'We want to see Brexit wins' MP lays down gauntlet to Boris as infighting erupts

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John Redwood calls for ‘common sense’ from Johnson and Sunak

Sir John Redwood has hit out at the government’s failure to show the country “some Brexit wins”, highlighting the UK’s energy crisis, the need for more freeports, and a damaging National Insurance hike.

The MP for Wokingham in Berkshire said: “If the government will not even take VAT off energy-saving products to help the energy bill crisis it implies we have not taken back control of our tax system.

“We want to see some Brexit wins with less VAT, Freeports with lower taxes and the end of the National Insurance rise.”

His comments come as around 22 million households are about to see their annual energy bills go up by as much as £693 as a result of a 54 percent increase — from £1,277 to £1,971 — in Ofgem’s price cap over the last six months.

The prospect of the added costs triggered widespread outcry, leading to Chancellor Rishi Sunak unveiling £150 council tax rebates for homes in bands A to D and plans to offer a £200 discount on bills.

His move, however, has been labelled a “buy now pay later scheme that loads up costs for tomorrow”, as per Shadow Chancellor Rachel Reeves.

READ MORE: Global crisis warning as inflation leaves continents on the brink

Boris Johnson

The Prime Minister has been urged to show the country ‘some Brexit wins’ (Image: Getty)

Sir John had previously urged the government to reduce VAT on energy in line with the UK’s low-carbon and renewable energy goals: “A no-brainer dividend, which I would have thought the Chancellor would have done by now, would be to take VAT off the solar panels and draft excluders and boiler controls and all those other green products.

“We are urging everybody to be green but it’s still taxing them and we weren’t allowed to take the tax off when we’re in the EU because it was VAT.”

In May 2016, during the last push to get voters to say yes to Brexit, Boris Johnson and Michael Gove told the nation, writing in The Sun, “fuel bills will be lower for everyone” if the UK left the European Union.

They argued the “unfair and damaging” 5 percent minimum VAT on domestic energy bills imposed under EU regulations “hits the poorest hardest”. In 2022, VAT on energy bills remains untouched.

Not only have fuel bills risen for everyone, but other costs are going up for Britons, too.

In April, National Insurance payments are increasing, with employees, employers and the self-employed all to pay 1.25p more in the pound in a measure that it is feared will have a toll on the lower-paid.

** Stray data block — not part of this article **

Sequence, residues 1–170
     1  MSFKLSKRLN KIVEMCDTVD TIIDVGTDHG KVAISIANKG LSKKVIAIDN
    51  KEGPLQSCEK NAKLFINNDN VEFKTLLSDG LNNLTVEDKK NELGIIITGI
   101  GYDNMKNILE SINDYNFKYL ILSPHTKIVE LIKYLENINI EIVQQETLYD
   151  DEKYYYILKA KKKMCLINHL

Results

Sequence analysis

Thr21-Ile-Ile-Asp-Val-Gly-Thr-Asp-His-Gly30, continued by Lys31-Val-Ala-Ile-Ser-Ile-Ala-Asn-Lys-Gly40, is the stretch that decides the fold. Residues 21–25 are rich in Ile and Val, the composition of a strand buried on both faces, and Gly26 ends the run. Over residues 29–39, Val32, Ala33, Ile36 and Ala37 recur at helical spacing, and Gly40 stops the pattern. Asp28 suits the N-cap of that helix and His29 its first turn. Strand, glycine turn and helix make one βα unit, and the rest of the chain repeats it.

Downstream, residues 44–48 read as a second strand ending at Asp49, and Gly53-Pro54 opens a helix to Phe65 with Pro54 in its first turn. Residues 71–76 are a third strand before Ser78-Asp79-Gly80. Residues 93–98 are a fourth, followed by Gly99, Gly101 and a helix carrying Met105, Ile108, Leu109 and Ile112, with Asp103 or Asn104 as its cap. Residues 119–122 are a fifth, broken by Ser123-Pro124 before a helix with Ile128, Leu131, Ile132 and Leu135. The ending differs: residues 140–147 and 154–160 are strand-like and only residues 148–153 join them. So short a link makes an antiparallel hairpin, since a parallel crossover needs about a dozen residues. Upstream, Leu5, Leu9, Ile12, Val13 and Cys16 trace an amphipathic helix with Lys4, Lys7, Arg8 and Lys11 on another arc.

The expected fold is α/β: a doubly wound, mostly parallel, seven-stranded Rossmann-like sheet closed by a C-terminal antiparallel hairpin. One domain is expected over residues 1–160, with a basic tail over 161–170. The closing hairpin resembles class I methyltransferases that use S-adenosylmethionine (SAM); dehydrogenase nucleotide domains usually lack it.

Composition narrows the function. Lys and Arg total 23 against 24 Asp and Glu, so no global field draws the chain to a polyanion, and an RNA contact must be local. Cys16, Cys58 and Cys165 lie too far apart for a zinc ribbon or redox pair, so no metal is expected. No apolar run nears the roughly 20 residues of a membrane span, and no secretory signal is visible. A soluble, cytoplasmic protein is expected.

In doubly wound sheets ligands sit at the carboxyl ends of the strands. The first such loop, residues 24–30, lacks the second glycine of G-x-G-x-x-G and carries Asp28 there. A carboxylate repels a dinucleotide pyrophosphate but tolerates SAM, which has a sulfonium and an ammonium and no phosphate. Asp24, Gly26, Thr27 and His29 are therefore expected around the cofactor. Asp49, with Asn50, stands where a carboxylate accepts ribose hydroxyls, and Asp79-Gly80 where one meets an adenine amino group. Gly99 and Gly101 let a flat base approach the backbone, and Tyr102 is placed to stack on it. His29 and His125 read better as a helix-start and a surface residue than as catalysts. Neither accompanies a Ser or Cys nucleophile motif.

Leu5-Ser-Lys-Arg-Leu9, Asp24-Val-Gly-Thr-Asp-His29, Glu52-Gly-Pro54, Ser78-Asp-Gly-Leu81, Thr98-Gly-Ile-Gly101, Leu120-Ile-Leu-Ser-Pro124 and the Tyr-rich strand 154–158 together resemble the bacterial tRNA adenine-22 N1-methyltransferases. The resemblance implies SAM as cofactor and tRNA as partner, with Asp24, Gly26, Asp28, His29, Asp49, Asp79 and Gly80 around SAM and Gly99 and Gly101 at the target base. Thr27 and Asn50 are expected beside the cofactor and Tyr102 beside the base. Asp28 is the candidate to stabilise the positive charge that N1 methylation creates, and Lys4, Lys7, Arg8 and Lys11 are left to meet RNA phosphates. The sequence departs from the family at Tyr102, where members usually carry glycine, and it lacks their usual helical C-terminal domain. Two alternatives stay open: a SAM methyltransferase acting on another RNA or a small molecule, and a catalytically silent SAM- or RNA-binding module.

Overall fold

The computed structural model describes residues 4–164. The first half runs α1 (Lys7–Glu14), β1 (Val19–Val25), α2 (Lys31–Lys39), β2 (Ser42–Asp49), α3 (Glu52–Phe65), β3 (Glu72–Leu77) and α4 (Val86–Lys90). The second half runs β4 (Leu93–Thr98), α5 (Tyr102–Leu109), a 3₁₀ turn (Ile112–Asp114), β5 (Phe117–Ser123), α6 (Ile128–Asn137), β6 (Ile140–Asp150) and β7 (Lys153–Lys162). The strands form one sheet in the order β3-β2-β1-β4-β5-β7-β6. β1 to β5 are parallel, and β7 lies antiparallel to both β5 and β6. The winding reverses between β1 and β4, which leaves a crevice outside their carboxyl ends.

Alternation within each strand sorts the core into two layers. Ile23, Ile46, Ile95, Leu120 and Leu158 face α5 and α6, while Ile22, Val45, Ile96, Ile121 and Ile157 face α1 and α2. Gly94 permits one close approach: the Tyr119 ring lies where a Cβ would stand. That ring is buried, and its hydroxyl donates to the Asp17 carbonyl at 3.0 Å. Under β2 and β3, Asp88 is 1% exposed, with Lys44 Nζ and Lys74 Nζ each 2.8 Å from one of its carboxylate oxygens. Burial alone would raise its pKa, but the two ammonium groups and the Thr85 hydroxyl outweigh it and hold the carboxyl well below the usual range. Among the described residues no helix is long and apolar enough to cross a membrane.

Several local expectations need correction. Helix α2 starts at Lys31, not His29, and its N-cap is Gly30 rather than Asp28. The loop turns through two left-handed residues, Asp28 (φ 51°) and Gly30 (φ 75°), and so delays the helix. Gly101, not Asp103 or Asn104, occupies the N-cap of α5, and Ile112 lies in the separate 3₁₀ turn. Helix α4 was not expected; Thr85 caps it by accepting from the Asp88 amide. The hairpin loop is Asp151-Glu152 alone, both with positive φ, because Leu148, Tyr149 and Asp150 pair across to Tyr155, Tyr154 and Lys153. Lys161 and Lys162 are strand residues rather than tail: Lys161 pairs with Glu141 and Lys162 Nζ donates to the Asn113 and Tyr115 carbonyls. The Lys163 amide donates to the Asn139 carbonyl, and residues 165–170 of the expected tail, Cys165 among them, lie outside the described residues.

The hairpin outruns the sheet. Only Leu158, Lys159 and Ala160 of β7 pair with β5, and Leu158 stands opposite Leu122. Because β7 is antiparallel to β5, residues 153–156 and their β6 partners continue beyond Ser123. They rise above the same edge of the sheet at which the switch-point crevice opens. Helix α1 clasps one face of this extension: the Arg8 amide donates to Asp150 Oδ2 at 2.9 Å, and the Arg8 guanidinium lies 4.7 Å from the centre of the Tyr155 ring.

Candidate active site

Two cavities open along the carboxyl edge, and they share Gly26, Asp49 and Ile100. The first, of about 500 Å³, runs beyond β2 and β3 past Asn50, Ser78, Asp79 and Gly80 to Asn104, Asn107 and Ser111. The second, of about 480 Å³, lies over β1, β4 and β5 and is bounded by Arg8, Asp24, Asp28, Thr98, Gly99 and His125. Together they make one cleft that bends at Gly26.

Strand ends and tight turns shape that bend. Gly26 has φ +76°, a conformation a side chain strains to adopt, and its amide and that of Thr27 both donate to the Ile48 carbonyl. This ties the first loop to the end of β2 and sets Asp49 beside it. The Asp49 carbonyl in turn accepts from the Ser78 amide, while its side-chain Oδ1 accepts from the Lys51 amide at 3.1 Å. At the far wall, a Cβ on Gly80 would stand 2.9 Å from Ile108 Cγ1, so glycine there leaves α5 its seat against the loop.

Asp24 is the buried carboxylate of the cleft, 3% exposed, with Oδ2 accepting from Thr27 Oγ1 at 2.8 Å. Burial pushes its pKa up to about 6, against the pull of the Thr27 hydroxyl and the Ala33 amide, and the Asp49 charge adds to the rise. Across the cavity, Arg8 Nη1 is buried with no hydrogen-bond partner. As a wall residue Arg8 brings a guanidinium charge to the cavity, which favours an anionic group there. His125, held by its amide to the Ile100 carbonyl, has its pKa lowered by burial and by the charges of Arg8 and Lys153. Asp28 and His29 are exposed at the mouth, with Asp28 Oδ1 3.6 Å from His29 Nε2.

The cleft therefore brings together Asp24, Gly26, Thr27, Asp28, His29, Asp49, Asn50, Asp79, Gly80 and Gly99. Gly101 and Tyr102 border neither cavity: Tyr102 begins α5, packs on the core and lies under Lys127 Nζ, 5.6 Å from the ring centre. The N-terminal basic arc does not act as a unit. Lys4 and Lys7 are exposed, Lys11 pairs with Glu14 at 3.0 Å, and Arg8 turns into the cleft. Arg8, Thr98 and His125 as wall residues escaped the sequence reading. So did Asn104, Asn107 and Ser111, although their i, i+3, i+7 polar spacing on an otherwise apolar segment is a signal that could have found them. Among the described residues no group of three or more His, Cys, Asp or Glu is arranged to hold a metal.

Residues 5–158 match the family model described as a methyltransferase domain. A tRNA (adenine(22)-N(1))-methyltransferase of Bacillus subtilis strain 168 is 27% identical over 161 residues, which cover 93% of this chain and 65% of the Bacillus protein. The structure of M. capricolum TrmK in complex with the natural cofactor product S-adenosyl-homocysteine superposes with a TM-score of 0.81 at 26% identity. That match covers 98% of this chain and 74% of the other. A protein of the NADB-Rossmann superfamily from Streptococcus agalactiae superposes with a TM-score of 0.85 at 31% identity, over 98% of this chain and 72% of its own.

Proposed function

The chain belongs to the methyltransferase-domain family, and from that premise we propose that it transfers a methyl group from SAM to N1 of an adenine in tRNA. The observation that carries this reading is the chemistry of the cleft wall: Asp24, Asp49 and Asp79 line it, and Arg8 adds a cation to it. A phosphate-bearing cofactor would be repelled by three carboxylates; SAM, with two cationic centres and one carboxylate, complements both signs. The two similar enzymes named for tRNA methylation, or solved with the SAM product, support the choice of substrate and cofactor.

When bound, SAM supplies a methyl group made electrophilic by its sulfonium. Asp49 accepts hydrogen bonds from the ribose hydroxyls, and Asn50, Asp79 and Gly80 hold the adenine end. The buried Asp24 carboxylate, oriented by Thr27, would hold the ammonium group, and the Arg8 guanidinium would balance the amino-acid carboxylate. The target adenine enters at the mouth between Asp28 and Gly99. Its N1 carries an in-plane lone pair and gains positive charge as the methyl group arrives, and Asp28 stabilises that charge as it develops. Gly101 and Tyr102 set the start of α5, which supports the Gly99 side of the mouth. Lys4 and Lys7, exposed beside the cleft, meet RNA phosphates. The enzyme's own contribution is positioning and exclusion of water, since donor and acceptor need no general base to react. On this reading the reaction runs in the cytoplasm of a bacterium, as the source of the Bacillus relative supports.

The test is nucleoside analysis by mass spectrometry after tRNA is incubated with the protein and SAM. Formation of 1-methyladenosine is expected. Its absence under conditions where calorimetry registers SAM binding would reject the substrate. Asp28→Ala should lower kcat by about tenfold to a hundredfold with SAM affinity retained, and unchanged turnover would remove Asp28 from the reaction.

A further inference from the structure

National Insurance increase

What the National Insurance hike means according to your salary (Image: Daily Express)

Later, from April 2023, National Insurance will return to its current rate and the extra tax will be collected as a new Health and Social Care Levy which, unlike National Insurance, will also be paid by state pensioners who are still working.

According to the government, this is to fund social care in England and help the NHS recover from the effects of the coronavirus pandemic.

It will see those earning more than £12,875 a year pay considerably more each year.

Someone on £20,000 a year, for instance, will pay an extra £89, while an employee on £50,000 will pay £464 more.

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Boris Johnson praises SNP’s ‘attitude’ towards freeports

Meanwhile, the UK’s freeport project, which was presented as one of the main economic benefits of Brexit, is taking longer to see fruition than some had hoped for.

Yet, eight freeports were confirmed last year in England, with businesses based inside the sites to benefit from tax breaks including no stamp duty, full rebates for construction and machinery investment, five years of zero business rates, and lower tariffs and customs obligations.

The Prime Minister has dubbed freeports a key element in his “levelling up” plans, which aim to close the gap between rich and poor areas – the main Conservative pledge at the 2019 general election.

While they are intended to revive deprived areas they have also been blamed for encouraging tax avoidance and lower regulation.

In Scotland, the SNP-led government has long resisted the idea of freeports. However, an adjusted deal to build “green freeports” has been reached this month.

Following the model of freeports, they will be based around low-emission industries and fair work practices.

Mr Johnson, speaking of their “truly transformational” power, said: “Freeports will help to accelerate our plan to level up communities across the whole of the United Kingdom.”

But Ian Murray, the Shadow Scottish Secretary, said: “This agreement was delayed for months because the two governments disagreed over the name.

“If we are to achieve our net-zero ambitions, we need to forget the arguments of the past and work together to build a greener and fairer future for everyone.”



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